Wednesday, April 29, 2015

Bucs Sleep Walk Through 6-2 Loss

Jeff Locke doesn't as a rule match up very well with the Cubs, particularly at Wrigley, and he sure didn't last night. A lethal brew of liners, ground ball singles, walks, steals and Bucco boots led to a five inning, six run outing, and that was more than the Bucs could overcome in a 6-2 loss to Chicago.

Travis Wood looked sharp against the Pirates, scattering two runs (a two-run shot by Starling Marte accounted for the scores) and five hits over seven innings with nine K. Overall, Pittsburgh whiffed 11 times without drawing a walk. Corey Hart had a particularly brutal day, bobbling a throw, then bouncing his relay off the ump, followed by being picked off third after taking too big a turn after a single and lah-di-dah'ing his way back.

He wasn't alone. The Cubs stole five bases off Fran Cervelli, with three different pitchers on the hill.  Jordy fumbled a DP ball, and the list goes on. Just the LOB line explains the Cubs dominance - they stranded 12 runners, and the Bucs just three. It's been a tough two days in the Friendly Confines, and the Bucs could use a wake-up call for tonight's game as Gerrit Cole hopes to be a stopper against Chi-Town's Kyle Hendricks.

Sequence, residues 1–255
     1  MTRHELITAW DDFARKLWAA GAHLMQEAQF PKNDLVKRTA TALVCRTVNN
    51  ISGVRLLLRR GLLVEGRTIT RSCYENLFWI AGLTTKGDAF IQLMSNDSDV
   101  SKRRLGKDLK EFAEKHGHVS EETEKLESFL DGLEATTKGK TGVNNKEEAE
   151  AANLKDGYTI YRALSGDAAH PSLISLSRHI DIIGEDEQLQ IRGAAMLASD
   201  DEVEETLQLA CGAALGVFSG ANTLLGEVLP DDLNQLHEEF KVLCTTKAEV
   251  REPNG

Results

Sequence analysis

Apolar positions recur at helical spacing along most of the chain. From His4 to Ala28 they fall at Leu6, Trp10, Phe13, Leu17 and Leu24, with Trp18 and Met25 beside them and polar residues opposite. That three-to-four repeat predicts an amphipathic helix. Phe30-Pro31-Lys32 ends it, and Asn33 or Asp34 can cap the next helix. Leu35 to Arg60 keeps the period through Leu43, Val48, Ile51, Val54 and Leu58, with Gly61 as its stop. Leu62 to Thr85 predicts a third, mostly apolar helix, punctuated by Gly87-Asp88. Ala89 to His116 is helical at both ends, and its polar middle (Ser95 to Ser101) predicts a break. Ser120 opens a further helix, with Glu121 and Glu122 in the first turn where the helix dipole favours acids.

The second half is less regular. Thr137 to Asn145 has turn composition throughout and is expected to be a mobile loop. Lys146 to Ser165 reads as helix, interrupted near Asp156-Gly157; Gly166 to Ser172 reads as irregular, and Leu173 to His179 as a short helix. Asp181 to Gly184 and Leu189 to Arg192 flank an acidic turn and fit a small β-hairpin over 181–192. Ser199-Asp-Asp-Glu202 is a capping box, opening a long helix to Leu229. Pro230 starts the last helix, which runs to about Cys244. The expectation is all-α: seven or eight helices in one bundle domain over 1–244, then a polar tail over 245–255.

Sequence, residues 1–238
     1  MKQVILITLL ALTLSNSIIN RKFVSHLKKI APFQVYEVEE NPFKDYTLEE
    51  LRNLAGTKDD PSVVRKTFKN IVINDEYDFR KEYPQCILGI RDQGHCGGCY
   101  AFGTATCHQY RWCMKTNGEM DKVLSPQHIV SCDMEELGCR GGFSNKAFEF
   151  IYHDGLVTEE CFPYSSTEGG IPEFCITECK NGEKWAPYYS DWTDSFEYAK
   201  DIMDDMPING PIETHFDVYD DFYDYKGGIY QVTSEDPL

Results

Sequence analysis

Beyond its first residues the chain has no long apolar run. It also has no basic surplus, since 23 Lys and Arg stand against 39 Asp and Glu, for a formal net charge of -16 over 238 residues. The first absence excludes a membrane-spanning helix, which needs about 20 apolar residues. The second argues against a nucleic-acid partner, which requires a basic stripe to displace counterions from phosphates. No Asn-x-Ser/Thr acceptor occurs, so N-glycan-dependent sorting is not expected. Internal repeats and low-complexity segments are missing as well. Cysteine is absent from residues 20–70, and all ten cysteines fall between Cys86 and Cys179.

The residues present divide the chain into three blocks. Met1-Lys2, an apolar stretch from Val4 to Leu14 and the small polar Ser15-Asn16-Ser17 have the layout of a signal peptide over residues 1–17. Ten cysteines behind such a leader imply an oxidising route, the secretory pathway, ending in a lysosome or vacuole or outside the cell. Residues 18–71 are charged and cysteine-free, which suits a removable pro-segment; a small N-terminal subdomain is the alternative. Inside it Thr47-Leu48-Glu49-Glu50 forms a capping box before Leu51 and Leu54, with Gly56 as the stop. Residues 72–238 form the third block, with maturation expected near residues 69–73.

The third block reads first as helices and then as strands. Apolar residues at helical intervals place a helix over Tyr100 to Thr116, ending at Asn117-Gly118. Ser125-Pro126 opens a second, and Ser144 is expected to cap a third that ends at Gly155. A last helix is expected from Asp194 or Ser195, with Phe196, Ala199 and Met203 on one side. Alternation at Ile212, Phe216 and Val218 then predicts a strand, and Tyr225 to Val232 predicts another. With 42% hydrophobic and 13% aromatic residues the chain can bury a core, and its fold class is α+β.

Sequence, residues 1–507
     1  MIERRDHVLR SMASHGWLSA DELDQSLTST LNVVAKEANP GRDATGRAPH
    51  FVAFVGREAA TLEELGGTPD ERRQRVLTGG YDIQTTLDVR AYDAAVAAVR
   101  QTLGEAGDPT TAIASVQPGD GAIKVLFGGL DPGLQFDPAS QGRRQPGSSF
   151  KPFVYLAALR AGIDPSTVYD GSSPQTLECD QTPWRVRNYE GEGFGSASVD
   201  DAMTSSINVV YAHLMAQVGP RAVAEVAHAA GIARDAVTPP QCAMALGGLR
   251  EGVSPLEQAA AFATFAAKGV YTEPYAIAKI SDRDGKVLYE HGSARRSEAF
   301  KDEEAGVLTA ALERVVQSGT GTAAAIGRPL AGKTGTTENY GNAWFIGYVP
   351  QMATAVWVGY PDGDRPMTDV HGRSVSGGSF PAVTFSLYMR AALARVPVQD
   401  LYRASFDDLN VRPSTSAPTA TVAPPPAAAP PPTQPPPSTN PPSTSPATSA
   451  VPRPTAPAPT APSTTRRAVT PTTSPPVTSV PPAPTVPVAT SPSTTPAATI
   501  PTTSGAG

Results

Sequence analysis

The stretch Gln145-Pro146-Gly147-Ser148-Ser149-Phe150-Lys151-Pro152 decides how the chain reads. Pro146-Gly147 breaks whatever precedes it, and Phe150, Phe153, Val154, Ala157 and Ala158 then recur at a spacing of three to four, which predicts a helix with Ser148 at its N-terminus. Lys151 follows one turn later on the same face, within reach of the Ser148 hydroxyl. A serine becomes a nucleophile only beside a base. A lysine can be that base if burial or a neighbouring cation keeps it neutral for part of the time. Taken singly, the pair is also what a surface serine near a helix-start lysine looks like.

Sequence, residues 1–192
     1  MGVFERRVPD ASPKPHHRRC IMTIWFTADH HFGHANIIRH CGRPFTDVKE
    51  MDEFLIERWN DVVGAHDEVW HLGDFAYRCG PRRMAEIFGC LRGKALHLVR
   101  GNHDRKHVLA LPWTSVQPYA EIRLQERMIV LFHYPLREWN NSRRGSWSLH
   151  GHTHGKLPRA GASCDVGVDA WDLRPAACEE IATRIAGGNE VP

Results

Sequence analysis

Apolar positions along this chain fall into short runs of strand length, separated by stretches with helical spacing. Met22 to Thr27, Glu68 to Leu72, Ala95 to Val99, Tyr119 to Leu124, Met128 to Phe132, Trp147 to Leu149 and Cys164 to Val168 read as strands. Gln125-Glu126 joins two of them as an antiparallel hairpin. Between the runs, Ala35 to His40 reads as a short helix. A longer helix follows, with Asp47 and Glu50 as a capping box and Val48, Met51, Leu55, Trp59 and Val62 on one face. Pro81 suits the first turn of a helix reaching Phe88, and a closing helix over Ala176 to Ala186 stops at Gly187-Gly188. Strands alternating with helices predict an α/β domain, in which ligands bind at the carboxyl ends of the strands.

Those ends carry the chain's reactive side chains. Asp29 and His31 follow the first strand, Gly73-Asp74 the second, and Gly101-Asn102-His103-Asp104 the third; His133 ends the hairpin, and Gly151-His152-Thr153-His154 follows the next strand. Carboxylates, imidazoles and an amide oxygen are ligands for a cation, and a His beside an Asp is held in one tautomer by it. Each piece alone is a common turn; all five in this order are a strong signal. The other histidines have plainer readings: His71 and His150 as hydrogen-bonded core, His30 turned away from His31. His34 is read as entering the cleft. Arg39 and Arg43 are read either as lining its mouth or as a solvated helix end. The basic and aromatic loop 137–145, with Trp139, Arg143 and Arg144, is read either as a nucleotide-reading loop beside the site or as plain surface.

Starling Marte providing some muscle (photo: Dave Arrigo/Pirates)
  • Neil Walker's hitting streak ended last night. 
  • Greg Polanco pinch hit last night, and told the media guys after the game that he felt fine, but it was a chore getting his legs loose in the cold weather of Chicago.
  • Chicago was a go-go in the fourth inning when they pulled off not one, but a pair of double steals.
  • Less than 55% of the pitches Pittsburgh sees are fastballs; opposing teams learned their lesson last year. Might be time for the Pirates to recognize that fact in the box; it takes more discipline than they've been showing early on to handle a diet of off speed stuff.
  • Charlie Morton will start a rehab assignment with the Bradenton Marauders on Saturday.
  • It may come as a surprise to you, but MLB is not a tax-exempt business; only the NHL among all the sports league is. And the truth is the teams themselves were always taxed; just the league offices, relative small fry in the revenue pool, were exempt. Major League Baseball  relinquished its tax exemption in 2007. The main reason was that as a taxable entity, it no longer had to disclose the pay of commissioner and others on the office payroll. But they all are still exempt from the anti-trust act, so it's business as usual.

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